|The Borough Furnace cast iron lineup: skillet and braising pan (photo used by permission)|
People often ask me what brand of cast iron cookware they should buy. I counsel them to stick with cookware made in the United States for bare cast iron, and cookware made in Europe for enameled cast iron.
These days, finding anything that's manufactured in the United States is pretty tough. This is especially true for things that are simple, cheap, and mass-produced (like cookware). A near as I can tell, Lodge is the only company that still makes their bare cast iron cookware here in the States.
So when my friend Jake sent me a link the other day about the fellows at Borough Furnace, I was intrigued. These guys are looking to make new-fangled cast iron cookware using recycled iron, a solar-powered blast furnace, and United States manufacturing facilities. What a concept!
Of course, these noble ideals will only matter if the company manages to stay in business. And the key to staying in business will be the in-kitchen performance of their cookware.
I have not yet had the opportunity to cook with Borough Furnace cookware. But I noticed some things right off the bat that made me think these guys are onto something.
|The 9 1/2-inch Frying Skillet (photo used by permission)|
The handles are designed to stay cool. The open-triangle design where the handle meets the skillet is designed to stay cool during stovetop cooking. Same with the oversized loop-like handles on the braising pan. A hot handle is another complaint I hear often with traditional cast iron skillets—which usually have very short handles. I'm ever so slightly worried that the handles might break off a few generations down the line, but no doubt they'd still last longer than any Teflon-ware.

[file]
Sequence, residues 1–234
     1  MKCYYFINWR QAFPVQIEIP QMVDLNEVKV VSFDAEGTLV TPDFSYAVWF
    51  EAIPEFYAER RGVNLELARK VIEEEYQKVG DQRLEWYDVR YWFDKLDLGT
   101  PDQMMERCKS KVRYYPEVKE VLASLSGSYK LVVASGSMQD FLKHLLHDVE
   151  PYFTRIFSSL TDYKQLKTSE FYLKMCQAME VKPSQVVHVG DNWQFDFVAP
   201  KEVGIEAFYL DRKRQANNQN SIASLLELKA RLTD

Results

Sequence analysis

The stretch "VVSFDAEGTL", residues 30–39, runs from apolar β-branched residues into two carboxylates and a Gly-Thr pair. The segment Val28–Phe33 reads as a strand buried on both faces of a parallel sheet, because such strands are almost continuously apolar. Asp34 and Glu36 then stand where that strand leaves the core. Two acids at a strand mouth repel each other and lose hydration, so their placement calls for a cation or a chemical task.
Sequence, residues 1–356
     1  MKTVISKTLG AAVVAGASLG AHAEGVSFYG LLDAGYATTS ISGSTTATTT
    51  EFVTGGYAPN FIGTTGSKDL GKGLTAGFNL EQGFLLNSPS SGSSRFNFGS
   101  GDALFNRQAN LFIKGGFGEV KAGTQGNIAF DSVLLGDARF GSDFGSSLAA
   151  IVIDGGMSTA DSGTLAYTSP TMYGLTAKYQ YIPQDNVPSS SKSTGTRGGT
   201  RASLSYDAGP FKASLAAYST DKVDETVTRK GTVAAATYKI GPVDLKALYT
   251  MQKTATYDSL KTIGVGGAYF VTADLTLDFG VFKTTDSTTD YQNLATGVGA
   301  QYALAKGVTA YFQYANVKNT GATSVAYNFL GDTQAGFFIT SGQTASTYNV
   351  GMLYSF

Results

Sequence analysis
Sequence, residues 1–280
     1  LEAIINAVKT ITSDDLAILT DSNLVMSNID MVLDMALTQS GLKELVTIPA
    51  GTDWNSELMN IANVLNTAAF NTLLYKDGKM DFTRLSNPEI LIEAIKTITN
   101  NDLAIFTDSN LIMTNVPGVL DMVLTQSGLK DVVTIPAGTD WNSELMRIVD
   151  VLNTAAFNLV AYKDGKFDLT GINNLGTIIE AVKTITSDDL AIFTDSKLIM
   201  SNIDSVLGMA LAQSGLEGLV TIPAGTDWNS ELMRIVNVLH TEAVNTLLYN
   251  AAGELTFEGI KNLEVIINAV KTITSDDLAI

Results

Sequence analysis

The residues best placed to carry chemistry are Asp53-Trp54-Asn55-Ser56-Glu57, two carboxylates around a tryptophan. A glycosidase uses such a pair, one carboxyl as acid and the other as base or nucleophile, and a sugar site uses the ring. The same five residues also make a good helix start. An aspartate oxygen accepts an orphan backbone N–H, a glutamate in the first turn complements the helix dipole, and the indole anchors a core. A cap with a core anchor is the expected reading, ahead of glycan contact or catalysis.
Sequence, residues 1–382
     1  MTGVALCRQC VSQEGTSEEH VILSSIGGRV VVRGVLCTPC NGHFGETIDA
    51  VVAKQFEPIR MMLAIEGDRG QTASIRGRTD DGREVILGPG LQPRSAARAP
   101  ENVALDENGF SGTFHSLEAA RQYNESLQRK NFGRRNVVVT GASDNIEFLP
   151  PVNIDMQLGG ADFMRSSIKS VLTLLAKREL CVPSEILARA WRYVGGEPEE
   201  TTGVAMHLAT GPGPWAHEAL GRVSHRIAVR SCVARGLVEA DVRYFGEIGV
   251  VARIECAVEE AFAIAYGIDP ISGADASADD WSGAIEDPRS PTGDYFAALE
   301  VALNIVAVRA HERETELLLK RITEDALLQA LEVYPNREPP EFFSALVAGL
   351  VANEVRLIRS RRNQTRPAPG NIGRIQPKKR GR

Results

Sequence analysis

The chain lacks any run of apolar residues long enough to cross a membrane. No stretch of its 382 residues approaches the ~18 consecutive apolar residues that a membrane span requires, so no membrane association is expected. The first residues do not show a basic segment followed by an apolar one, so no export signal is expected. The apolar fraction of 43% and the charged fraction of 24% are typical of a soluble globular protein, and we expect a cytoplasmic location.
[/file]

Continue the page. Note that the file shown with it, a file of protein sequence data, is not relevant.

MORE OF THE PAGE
|The Braising pan with two stay-cool handles|
(photo used by permission)
The cookware comes pre-seasoned. I've developed a small love affair with cleaning, restoring, and seasoning cast iron cookware. But most people have trouble getting over the fact that they can't put it in the dishwasher. When the major manufacturers began pre-seasoning cast iron cookware, it made a lot of people think they could try cooking with cast iron. The Borough Foundry boys have been experimenting with flaxseed oil and lard for their pre-seasoning. I'm a fan of buffalo fat myself, but that might be a bit impractical. Also, I would expect that the lack of a vegetarian pre-seasoning could dampen sales among the expected target audience. Flax seed oil has a relatively low smoke point, so I might suggest using avocado oil, grapeseed oil, extra light olive oil, or even just canola oil. In any case, I think it would be a nice differentiator to use organic oil (I've always wondered what, exactly, Lodge uses to pre-season their pans).
The Borough Furnace guys are looking to raise $25,000 in initial funding for their start up. They've already raised more than $15,000. The deadline is Friday, July 8th. Check out their Kickstarter campaign to learn more and make a contribution. Thank you gifts include cast iron bottle openers, trivets, skillets, braising pans, and an invite to a barbecue hoe-down in upstate New York.
Good luck guys!